I remember being relieved that the mud wasn't as sticky as in 1997, because it there was much, much more water.
I was ill in 1998, not from overindulgence - a cold or flu. So I spent most of my time in my tent, eating weed. I became convinced that all the bits of mud on my tent were actually slugs and I sat/lay in the darkness for what seemed like an eternity. As a teenager on his second festival, I didn't have things like a torch or a hi-tech Nokia to illuminate matters. I told myself they weren't slugs, they were just balls of mud and to pull myself together. With a great deal of effort and a trembling hand, I reached out and grabbed one of the "slugs"... PHEW! It was mud, hooray! Then I looked around at all the other splats around my tent and had the awful thought "I know that one isn't a slug - but what about all the others???? "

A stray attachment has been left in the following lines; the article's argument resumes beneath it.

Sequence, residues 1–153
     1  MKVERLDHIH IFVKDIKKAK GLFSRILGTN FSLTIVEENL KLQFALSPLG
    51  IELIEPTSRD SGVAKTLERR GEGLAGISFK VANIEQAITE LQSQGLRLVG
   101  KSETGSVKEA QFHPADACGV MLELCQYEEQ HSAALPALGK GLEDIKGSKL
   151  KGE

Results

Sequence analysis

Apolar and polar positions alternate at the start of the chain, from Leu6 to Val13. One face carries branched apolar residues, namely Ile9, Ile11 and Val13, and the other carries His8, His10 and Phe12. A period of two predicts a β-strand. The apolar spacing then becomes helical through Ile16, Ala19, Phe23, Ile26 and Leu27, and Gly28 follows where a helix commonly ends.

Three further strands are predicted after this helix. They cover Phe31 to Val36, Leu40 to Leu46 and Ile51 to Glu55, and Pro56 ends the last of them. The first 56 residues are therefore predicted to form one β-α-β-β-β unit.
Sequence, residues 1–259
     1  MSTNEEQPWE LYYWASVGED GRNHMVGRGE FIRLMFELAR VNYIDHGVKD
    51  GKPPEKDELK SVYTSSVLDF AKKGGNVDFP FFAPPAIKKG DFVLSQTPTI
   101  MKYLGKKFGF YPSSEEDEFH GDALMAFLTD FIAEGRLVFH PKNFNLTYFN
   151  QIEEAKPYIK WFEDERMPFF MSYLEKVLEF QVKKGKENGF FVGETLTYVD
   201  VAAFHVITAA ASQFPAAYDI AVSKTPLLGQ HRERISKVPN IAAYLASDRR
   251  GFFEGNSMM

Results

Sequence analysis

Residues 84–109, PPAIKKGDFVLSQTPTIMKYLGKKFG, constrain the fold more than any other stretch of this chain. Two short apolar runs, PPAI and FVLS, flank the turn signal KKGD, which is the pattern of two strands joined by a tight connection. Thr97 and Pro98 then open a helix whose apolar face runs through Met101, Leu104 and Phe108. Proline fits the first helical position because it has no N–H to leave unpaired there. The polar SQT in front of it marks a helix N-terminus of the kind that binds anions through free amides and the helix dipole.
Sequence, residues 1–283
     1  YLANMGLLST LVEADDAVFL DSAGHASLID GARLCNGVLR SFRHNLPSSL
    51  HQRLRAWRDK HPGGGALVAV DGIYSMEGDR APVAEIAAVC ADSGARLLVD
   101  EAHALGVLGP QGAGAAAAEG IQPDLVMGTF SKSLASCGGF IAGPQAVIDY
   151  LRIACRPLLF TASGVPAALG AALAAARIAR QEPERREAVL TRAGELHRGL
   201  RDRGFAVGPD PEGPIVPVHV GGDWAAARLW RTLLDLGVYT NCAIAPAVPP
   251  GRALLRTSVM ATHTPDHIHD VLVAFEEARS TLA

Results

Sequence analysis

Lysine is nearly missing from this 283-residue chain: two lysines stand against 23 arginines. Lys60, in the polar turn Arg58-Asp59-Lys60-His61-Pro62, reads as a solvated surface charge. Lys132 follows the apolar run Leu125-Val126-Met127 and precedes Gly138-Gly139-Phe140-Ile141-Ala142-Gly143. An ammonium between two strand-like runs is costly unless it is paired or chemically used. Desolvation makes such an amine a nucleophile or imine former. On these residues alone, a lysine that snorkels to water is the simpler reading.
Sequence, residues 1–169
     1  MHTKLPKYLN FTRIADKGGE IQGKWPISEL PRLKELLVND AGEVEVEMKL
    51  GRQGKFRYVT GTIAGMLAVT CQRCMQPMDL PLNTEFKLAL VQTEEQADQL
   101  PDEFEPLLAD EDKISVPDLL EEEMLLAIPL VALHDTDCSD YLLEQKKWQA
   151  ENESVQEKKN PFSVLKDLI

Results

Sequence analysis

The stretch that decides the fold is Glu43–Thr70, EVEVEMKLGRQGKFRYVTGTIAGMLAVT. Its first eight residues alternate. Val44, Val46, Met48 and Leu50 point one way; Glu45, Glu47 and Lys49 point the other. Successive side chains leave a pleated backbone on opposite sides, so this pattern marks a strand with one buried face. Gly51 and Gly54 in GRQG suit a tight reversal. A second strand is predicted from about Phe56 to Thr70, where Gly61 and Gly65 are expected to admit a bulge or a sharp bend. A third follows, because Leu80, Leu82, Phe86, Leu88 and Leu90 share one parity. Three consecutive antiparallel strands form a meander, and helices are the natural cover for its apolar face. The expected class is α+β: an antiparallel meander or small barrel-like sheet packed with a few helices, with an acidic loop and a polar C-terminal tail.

Sadly, I was still a newcomer and hadn't quite got past the idea that sticking in front of the Pyramid wasn't actually the best way of ensuring value for money, so all my headliners were at the main stage.
Primal Scream (from my tent in the rain)
Blur - they were brilliant, the eponymous album came across really well echoing over the Pyramid arena.
Pulp - a great set, but didn't quite live up to the expectations of their legendary sub bump-up from 1995 - watching them was one of the things that made be determined to finally attend Glastonbury the next year.
Bob Dylan for a bit, until I realised that he had been playing songs I technically knew, but they were totally unrecognisable and not for the better. I wandered off to see Bernard Butler without any regrets - one of the liberating things about Glastonbury is that there's so much on, even the most revered musical figures have to earn it. To paraphrase a contemporaneous hit "So you're Bob Dylan? That's don't impress me". Possibly one of the moments I truly got the Glastonbury bug.
James Taylor Quarter - randomly wandering around with @fatyeti24, sharing goodies, having no idea where we were, or who was on the stage until he said "aren't those the band that don't have any words."? At which point I realised I was at a stage called "Jazzworld"